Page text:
Ebola is an incredible humanitarian crisis. There need not be hysteria, but there has to be continued information and awareness raised about the issue. If you read the news about it, professionals in the field of healthcare, science and research say they have never seen anything like it.
According to the World Health Organization (WHO), the current outbreak of Ebola is “largest and most complex” outbreak of Ebola since it was discovered in 1976. The current crisis started in Guinea and spread to Sierra Leone and Liberia in Africa. Currently, there is a patient in a Texas hospital being treated for Ebola and a nurse in Spain was the first person infected with Ebola outside of West Africa.
In order to contain this, a surge by world governments, non-profits, healthcare professionals and others is required. Currently, Ebola is steps ahead of the efforts to try to prevent the spreading of this virus. In August the WHO stated that approximately 10% of the cases and fatalities with Ebola were healthcare workers. They also said that in some of the hardest hit areas there were only one or two doctors available for every 100,000 people.
Language barriers and misinformation against healthcare workers has made containing this monster more difficult in West Africa. In the meantime, efforts underway include seeking more volunteers to help people in affected areas, raising awareness around the need for money, supplies and resources, education with respect to what Ebola is and how it can be contracted as well as the creation of practices and protocol policies related to dealing with people suspected of having Ebola or having died from Ebola.
Recently, the Bill and Melinda Gates Foundation pledged $50 million to this humanitarian emergency. Other organizations are stepping up to lead the philanthropic efforts to fight this deadly disease, including Partners In Health, the Paul G. Allen Family Foundation, and Doctors Without Borders.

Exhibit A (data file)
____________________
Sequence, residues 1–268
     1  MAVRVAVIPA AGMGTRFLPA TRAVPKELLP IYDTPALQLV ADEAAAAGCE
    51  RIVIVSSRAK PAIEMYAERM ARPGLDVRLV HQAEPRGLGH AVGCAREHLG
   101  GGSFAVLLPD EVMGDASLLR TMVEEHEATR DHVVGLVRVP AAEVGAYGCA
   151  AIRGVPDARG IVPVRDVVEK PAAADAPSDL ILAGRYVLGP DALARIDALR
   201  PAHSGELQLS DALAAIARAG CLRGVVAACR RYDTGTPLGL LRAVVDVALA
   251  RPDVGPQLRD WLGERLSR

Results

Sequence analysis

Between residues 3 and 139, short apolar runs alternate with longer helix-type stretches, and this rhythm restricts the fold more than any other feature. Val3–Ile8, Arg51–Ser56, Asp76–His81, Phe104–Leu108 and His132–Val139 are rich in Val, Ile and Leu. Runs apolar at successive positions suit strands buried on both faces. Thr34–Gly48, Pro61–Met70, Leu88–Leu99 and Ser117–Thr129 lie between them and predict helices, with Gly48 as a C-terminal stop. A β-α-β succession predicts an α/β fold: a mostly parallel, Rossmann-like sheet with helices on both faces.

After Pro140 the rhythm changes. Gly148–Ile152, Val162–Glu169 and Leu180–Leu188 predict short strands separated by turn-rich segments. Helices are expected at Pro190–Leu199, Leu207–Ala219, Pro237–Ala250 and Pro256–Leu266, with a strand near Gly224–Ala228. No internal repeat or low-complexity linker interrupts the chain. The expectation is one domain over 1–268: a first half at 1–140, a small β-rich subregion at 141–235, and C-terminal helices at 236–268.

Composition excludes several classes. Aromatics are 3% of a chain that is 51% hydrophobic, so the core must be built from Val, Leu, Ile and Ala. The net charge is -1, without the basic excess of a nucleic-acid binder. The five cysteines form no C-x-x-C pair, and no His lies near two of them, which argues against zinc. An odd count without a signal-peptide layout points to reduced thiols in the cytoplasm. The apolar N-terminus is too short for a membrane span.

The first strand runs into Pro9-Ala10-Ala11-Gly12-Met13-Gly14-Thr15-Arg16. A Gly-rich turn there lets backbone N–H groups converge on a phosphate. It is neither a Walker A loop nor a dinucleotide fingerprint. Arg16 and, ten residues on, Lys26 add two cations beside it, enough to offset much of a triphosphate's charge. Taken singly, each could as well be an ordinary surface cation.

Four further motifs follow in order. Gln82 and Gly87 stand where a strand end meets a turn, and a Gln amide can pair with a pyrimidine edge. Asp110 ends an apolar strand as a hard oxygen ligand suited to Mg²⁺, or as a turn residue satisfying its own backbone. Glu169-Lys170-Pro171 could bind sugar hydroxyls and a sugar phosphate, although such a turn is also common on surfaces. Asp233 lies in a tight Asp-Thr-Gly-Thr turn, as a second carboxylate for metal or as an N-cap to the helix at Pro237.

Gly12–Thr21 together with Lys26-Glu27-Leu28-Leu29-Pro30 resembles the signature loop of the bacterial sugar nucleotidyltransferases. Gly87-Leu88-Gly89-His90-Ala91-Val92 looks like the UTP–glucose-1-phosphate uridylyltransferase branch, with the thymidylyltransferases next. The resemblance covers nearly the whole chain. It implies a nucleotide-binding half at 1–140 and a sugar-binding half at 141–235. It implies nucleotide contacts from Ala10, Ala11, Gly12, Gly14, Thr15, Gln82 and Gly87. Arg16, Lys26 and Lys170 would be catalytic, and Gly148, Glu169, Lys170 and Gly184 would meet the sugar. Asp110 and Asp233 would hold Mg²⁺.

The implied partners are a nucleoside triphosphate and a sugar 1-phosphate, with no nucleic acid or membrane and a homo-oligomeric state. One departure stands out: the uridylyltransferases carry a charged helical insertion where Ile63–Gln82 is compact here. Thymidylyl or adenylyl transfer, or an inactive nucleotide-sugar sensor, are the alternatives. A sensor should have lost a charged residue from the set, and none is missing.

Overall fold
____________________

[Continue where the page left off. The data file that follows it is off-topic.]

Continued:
Americans donated over $730 million to Japan in the aftermath of the 2011 earthquake and tsunami that damaged the nuclear plants in Fukushima. The world donated $7 billion to the countries affected by the 2004 Indian Ocean earthquake and tsunami, and it gave $9 billion to Haiti after the 2010 earthquake. What this says is that countries and people can be incredibly generous to people in need during a crisis, and that is what we need now as well.
The World Health Organization has stated they will need at least $1 billion to fight Ebola. Based on Internet research, the best estimate that I have been able to find is that $838 million has been donated to date. As this continues to spread, more help is needed.
The US Agency for International Development has compiled a list of organizations working to fight Ebola. These non-profit and NGOs include American Red Cross, the CDC Foundation, the Friends of United Nations Populations Fund, and Save the Children.
If you are able, please look into lending your support, in whatever way possible, to help end what has been labeled as a “humanitarian catastrophe”. There are great organizations and incredible people risking their lives and they need our help.
Posted: October 7, 2014
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